Where is the cloud taking us – and what does it mean for businesses?

What is the cloud? And why is it important for your business? Well, that is what we will try to explain in this piece. But don't worry, no technical expertise is required.

The cloud is not a technology in itself. It is simply a different way to buy it instead of buying your own technology and keeping it inside your company, you have it somewhere else (inside Amazon or Microsoft, for instance) and only pay for what you use. It consists of big boxes – called servers that store and process data.

Our phones are a type of server. They consist of software and hardware that give them three key things: processing power that is, how much information can be processed; storage capacity how much data can be saved (e.g., contacts, photos, etc.); and processing speed the speed at which information can be processed. All of this is contained in the physical shell that is our phone. With the cloud however, we're talking about huge servers that can contain tons and tons of storage, with tremendous processing power and speed. That means that they need to be a whole lot bigger than our phones hence, the big boxes.

Before the cloud, companies had their own big boxes, either stored in their own offices or data centers (which are basically huge sheds with a ton of big boxes). This meant either employing IT people or hiring an IT company to operate and take care of the servers, which was expensive and time-consuming, not to mention maintaining the space to store them. Now, cloud providers can handle all the maintenance and storage of the servers, enabling both businesses and consumers to rent the server capacity that they need, when they need it.

So, what does this mean for businesses? First, if you don't own the servers, you don't have to worry about their high upfront purchase cost, maintenance, or management efforts. This gives businesses a lot more freedom to focus on their core business and let the cloud provider worry about the infrastructure. It also means that you can adapt the rented capacity to your customers' needs. The pandemic is the most recent example that led to increasing customer demand in many industries. Zé delivery, a Brazilian online beverage delivery service, was able to increase its monthly orders from 20,000 to 350,000 in 2019 as a result of its expanded use of the cloud; while Sayurbox, an Indonesian online fresh food delivery service, supported a 300% increase in daily orders in the same year (both through Amazon Web Services). Ultimately, the cloud enables businesses to innovate better and faster  with access to state-of-the-art technology at affordable prices and an environment that promotes quick and easy experimentation and iteration. Without being tied to long-term contracts and investments, it is also a lot less risky for companies to try new things.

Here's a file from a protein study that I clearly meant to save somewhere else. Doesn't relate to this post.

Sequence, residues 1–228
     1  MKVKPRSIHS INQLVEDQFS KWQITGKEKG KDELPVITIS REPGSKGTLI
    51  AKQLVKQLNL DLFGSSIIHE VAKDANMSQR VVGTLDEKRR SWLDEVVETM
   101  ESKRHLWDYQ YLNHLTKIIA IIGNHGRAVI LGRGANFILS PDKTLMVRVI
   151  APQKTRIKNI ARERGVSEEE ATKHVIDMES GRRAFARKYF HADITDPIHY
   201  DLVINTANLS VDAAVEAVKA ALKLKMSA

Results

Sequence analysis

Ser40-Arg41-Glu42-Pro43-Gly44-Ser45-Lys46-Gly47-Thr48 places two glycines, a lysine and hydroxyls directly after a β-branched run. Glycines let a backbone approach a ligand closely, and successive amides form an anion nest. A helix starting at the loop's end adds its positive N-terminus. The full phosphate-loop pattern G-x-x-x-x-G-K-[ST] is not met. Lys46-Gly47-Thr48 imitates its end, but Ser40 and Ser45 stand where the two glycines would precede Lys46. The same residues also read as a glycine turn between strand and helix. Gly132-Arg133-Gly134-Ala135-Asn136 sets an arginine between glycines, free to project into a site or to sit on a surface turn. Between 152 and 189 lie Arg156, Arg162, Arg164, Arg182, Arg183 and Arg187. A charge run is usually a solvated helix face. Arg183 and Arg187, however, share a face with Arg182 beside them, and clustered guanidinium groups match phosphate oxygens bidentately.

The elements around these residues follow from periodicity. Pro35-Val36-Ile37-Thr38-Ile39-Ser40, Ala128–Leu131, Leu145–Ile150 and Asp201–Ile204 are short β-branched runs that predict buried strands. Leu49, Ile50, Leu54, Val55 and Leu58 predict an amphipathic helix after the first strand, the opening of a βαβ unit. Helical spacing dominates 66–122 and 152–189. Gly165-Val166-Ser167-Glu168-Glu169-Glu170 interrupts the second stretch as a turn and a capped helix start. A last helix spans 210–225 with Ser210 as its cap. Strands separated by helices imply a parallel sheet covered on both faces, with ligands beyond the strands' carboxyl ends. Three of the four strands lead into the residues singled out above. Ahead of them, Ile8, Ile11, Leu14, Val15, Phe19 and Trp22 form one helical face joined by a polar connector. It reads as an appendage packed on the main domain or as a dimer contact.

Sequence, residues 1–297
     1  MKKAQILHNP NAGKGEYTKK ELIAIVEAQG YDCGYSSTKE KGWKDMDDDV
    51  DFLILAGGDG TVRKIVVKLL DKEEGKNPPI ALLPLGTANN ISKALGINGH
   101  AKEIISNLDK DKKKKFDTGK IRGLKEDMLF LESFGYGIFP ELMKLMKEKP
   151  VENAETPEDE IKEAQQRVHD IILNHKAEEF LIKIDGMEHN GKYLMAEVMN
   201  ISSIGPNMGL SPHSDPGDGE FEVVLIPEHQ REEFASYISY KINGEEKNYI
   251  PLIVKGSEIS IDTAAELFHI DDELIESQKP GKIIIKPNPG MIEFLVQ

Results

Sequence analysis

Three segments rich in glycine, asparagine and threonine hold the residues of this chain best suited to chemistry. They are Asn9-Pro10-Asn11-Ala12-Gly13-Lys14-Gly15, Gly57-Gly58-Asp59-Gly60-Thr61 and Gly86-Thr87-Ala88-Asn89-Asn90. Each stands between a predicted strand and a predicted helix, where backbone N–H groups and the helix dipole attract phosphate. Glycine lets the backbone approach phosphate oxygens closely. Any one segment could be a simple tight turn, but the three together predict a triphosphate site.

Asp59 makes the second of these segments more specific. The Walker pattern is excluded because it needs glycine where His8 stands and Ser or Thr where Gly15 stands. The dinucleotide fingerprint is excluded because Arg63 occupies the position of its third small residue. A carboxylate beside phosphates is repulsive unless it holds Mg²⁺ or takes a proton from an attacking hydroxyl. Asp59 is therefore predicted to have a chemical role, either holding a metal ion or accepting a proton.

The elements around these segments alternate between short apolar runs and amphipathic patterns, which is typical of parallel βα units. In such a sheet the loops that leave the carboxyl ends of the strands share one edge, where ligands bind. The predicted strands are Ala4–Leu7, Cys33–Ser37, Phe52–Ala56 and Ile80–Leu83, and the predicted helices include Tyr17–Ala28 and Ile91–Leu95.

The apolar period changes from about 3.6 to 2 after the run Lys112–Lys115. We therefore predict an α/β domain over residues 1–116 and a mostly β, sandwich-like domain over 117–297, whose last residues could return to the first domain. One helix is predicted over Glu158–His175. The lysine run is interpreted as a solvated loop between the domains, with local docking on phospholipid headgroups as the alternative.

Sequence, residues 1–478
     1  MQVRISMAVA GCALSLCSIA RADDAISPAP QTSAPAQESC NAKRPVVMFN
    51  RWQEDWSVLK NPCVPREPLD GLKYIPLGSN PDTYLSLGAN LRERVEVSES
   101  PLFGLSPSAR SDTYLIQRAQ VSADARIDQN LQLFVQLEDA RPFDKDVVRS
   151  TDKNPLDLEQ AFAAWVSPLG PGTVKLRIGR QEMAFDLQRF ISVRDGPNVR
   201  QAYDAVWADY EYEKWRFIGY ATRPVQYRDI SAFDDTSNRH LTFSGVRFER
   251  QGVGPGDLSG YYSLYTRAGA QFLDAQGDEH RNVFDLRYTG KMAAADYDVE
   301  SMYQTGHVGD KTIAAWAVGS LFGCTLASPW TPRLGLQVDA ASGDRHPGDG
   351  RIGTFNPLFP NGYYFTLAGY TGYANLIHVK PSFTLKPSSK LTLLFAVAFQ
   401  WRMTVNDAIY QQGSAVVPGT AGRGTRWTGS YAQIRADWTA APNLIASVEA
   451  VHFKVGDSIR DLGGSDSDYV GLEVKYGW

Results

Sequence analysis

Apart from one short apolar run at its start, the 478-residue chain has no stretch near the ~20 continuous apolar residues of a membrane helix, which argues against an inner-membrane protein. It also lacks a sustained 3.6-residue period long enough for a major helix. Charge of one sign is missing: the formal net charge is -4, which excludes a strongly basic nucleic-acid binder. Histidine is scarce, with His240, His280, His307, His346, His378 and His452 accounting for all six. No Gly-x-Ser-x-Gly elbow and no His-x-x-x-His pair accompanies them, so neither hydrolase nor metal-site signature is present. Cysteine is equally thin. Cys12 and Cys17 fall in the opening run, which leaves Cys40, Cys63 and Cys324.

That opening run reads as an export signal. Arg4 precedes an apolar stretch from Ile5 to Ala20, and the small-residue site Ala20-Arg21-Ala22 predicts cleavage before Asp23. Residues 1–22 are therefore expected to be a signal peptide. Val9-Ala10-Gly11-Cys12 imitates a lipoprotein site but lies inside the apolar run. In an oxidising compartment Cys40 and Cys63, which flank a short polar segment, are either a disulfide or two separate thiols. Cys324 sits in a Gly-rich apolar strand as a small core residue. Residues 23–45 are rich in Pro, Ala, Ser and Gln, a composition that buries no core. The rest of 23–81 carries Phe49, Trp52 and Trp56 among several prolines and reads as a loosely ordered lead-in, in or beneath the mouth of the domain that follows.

However, the true potential of the cloud and the benefits we have mentioned can only be achieved with a thorough digitalization strategy in place. Rather than adopting the cloud as an isolated technology or initiative, it should be a part of the broader, long-term business goals and to be incorporated properly with processes' and employees needs in mind. There are typically three key steps to take into consideration:

  1. IT and business environment assessment: assessing the current IT environment and, according to the business strategic goals, analyze what is needed in terms of skillset, technologies, and processes to get there. Have a clear timeline and consider different phases in which to implement assets.

  2. Cloud migration: Adopt the cloud in phases – first the applications that can easily be moved to the cloud;  the second phase would involve the ones that need some modifying but not major changes; and lastly, apps that need major changes or to be rebuilt from scratch. All of these should be done in parallel with operational (processes and employees) changes.
  3. Continuous optimization: With the cloud, the IT environment ceases to be a static one – it needs to be constantly monitored, updated, and modified. In fact, managing cloud costs
    is the biggest challenge businesses face today – according to the 2020 IDG Cloud Computing Survey, 40% of interviewees said controlling cloud costs was their number one challenge.

Another critical aspect has to do with data compliance and integrity, further enhanced by the general data protection regulation (gdpr) in the EU. Where is the cloud? That is, in which country are those big boxes located? In many cases, the data needs to be stored in the same country in which it originated. Cloud and security architects and system administrators need to work closely with cloud providers to ensure data is being stored and handled properly.

From working with leading cloud and telecom companies globally, we see that the cloud is a one-way ticket journey which will continue to have unprecedented implications for all businesses regardless of industry. If you want to know more about cloud and how to ensure your business and marketing strategies are aligned with your cloud journey, reach out to us.

Maiara Munhoz is a Senior Tech Strategist at Seventy Agency with 9 years experience from working with growth strategy and business design for leading global cloud and telecom companies.

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